Kevin Gray, ext. 139, 610.868.1421
May 4, 2021
NACE Ties Behaviors to Career Readiness Competencies
BETHLEHEM, PA—The National Association of Colleges and Employers (NACE) has identified key behaviors that allow college students preparing to enter the workforce to demonstrate their career readiness to prospective employers.
“The sample behaviors are a crucial tool because they provide a broad range of ways each of NACE’s eight career readiness competencies can be demonstrated,” explains Shawn VanDerziel, NACE’s executive director.
“This is important because the competencies align with the attributes employers most want to see in the college graduates they hire for full-time positions and the college students they bring on board for internships.”
Recent NACE research shows that employers are seeking to hire candidates with an ability to work in a team, and with strong problem-solving, analytical, and communication skills.
College students can use the sample behaviors—which have been validated through research—to provide evidence of their proficiency in NACE’s Career Readiness Competencies, a set of skills and attributes college students can develop to help launch successful professional careers.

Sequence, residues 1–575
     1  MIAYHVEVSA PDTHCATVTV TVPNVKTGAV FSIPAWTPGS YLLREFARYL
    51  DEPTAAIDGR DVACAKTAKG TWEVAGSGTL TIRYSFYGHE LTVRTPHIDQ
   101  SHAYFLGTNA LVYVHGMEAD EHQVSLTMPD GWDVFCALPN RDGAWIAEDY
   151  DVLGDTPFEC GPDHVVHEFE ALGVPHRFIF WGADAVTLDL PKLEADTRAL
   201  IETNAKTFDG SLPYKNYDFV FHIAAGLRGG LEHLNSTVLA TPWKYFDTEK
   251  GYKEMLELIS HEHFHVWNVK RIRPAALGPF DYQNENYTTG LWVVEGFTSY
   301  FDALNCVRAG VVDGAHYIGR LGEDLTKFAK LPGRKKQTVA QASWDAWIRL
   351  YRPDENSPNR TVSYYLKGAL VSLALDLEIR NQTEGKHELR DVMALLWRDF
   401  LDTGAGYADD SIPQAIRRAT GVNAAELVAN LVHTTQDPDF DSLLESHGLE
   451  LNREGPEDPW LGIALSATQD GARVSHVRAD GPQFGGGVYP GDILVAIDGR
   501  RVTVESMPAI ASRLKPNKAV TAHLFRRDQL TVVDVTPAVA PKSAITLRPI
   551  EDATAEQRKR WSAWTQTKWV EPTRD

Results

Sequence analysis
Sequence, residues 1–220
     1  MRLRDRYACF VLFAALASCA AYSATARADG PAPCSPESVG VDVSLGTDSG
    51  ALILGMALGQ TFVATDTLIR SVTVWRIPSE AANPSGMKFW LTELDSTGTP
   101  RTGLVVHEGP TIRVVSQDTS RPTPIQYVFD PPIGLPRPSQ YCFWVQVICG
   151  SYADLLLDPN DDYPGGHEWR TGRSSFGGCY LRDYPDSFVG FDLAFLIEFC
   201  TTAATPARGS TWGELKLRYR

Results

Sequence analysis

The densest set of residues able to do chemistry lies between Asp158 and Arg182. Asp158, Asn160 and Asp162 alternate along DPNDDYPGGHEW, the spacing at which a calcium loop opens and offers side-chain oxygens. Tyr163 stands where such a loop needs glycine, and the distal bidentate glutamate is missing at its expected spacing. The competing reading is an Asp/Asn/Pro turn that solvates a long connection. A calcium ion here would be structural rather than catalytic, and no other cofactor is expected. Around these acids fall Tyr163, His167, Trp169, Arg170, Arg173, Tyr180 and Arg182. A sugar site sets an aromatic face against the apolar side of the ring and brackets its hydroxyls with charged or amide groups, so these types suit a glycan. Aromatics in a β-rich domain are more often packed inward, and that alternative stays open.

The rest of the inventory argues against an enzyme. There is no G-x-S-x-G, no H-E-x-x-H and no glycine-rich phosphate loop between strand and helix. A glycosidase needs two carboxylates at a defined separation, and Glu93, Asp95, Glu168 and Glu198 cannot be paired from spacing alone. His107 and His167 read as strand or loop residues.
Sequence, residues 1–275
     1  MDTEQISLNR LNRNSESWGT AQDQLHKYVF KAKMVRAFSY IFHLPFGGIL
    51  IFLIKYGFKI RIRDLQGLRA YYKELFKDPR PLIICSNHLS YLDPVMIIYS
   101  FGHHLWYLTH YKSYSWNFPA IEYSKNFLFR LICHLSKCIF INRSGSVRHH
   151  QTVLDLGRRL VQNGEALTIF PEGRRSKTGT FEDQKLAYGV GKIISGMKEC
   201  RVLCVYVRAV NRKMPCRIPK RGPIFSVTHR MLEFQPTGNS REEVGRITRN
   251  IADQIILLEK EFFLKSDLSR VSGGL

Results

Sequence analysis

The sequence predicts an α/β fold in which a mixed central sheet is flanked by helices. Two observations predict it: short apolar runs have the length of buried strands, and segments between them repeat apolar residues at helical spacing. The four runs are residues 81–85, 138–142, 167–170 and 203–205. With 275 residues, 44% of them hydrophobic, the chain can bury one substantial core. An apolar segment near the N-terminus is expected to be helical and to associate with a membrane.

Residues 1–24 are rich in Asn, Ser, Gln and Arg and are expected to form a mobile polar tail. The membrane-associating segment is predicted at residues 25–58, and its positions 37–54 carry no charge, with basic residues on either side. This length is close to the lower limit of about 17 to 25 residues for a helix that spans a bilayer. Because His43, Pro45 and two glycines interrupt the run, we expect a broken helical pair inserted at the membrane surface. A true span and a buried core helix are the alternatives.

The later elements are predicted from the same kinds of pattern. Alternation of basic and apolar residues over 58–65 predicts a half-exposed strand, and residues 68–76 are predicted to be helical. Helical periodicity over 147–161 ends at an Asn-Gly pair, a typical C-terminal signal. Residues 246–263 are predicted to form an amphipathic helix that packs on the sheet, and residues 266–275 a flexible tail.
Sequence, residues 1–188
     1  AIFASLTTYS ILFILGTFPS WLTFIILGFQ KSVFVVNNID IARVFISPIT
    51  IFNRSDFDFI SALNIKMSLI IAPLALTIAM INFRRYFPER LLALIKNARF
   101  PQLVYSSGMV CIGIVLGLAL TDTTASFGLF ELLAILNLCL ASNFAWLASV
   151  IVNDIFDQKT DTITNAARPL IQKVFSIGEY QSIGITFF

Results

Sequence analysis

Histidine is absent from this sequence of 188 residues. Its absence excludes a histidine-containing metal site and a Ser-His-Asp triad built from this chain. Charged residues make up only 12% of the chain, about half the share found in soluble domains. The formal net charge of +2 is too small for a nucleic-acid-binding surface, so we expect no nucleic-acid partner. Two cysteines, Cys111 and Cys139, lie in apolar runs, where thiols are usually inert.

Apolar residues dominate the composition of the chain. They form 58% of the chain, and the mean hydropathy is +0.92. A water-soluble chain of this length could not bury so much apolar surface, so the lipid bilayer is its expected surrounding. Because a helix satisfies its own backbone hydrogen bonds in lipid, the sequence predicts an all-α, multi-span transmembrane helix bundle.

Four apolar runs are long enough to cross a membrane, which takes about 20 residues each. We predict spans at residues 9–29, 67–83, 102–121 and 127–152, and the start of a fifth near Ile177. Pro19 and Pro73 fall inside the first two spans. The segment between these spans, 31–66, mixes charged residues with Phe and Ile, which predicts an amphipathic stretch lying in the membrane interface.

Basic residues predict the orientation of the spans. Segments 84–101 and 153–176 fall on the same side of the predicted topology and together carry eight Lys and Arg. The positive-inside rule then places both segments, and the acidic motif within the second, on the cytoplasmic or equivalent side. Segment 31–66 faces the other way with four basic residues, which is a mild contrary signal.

Furthermore, colleges and employers can use these behaviors to identify and develop career readiness competencies in college students.
NACE’s Career Readiness Competencies and their definitions are:
About NACE’s Career Readiness Competencies: NACE launched its Career Readiness Initiative in 2015 to address a fundamental need for new college graduates and the professionals who serve their career development needs and recruit them into the workforce: a shared understanding of what is needed to launch and develop a successful career, a common vocabulary by which to discuss needs and expectations, and a basic set of competencies upon which a successful career is launched. In 2020, a member task force undertook to review and revise the competencies as needed, while NACE and SkillSurvey completed a key phase of its validation effort to identify sample behaviors. More information about NACE’s Career Readiness Competencies—including the sample behaviors—is available on NACEWeb.
To arrange an interview with Shawn VanDerziel, NACE’s executive director, to discuss the NACE Career Readiness Competencies, please contact Kevin Gray at firstname.lastname@example.org.
About NACE: Since 1956, the National Association of Colleges and Employers (NACE) has been the leading source of information about the employment of college graduates. For more information, visit www.naceweb.org. NACE maintains a virtual press room for the media.